"What You Should Know About The Intelligence Community’s Contractors"
Number of private contractors exploded since 2001. After 9/11, the budgets of the Pentagon and intelligence community grew to almost double their 1998 rates. To keep pace with this expansion, without bringing more federal workers into the fold, federal contractors were signed up to provide the labor instead.
Private contractors may be more expensive than government employees. Many former government employees make the switch into private contracting, which can serve to drive up the amount they wind up costing the American taxpayer. A 2007 report to the Senate Select Committee on Intelligence found that the average government employee working as an intelligence analyst cost $126,500, while the same work performed by a contractor would cost the government an average $250,000 including overhead. The total annual budget of the intelligence community is itself secret; only the top line is reported to the public. For Fiscal Year 2014, the Obama administration requested $48.2 billion for the National Intelligence Program, encompassing “six Federal departments, the Central Intelligence Agency, and the Office of the Director of National Intelligence.” Of that amount, according to a 2007 article, an amazing 70 percent goes towards private contractors.
There are thousands of companies in the game. Of the more than one thousand contracting firms competing for federal dollars, Booz Allen Hamilton is just one of the largest, earning $1.3 billion, 23 percent of their total revenue, from intelligence contracts over the last fiscal year. Booz Allen shares that tier with names like Northrup Grumman and Science Applications International Corporation. It also includes companies like Lockheed Martin, which in addition to selling airplanes and missiles to the government, also provides staffers to man the programs the various departments set up.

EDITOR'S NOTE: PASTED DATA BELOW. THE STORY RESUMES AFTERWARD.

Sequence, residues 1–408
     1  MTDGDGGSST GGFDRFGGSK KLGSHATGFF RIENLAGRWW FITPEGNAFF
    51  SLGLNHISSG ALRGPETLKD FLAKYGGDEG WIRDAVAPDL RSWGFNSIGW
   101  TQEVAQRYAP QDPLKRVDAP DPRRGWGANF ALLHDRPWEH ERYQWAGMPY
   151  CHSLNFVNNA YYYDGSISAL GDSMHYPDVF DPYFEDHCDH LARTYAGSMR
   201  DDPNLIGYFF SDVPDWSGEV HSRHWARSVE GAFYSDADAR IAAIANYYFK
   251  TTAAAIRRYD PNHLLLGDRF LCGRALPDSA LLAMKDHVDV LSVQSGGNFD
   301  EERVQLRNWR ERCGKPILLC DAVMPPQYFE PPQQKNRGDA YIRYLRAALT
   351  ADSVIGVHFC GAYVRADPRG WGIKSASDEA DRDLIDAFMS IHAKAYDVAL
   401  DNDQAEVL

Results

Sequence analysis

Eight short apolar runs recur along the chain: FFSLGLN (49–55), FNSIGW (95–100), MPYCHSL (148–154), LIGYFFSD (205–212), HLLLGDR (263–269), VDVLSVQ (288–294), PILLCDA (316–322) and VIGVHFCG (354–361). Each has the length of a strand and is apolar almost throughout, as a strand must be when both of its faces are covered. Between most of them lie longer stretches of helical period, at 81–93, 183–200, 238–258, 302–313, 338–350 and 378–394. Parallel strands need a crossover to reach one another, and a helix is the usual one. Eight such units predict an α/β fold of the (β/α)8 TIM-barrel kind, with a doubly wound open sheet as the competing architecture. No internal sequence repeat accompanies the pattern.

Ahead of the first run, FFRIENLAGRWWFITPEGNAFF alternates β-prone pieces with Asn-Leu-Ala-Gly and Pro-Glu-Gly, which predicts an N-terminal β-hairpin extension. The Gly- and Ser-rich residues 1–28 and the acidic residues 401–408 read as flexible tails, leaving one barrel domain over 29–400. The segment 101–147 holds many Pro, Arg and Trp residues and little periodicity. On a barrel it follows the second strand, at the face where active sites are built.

Contractors are prevalent in the intelligence sector. Analysts looking for patterns among information, technology staffers building IT systems and making sure the networks stay functioning, front office administrative workers, sometimes even the intelligence collection specialists themselves are all positions contractors fill. This takes place across the range of intelligence collection including signals intelligence (SIGINT), of the sort that the NSA performs and has led to the current scrutiny, as well as human intelligence gained directly from sources and geographic intelligence gathered from spy satellites.
Contract work extends throughout the government. Outside of the intelligence sphere, contractors fill positions in nearly every part of the federal government. From the Department of Defense, to the Department of Homeland Security, to the Department of Health and Human Services, private contractors are in the business of actually executing a large portion of what the government is lawfully obligated to do. These positions exist for even the most shadowy of operations, including openings for human targeting analysts, who help the military and intelligence community determine who to place in the cross-hairs of drone strikes.
More than half a million private contractors can access the country’s secrets. A large degree of surprise also was related to the fact that Snowden had access to many of the documents he obtained so soon after beginning to work for Booz Allen. Once obtained, a clearance is a relatively hard thing to lose, so long as you remain employed by a company that does work requiring you to hold one. These clearances also only need to be renewed every five years while active. According to a 2013 report from the Office of the Director of National Intelligence, a total of 483,263 contractors held Top Secret clearances in 2012, the highest level one can obtain, with another 582,524 holding them at the Confidential and Secret levels.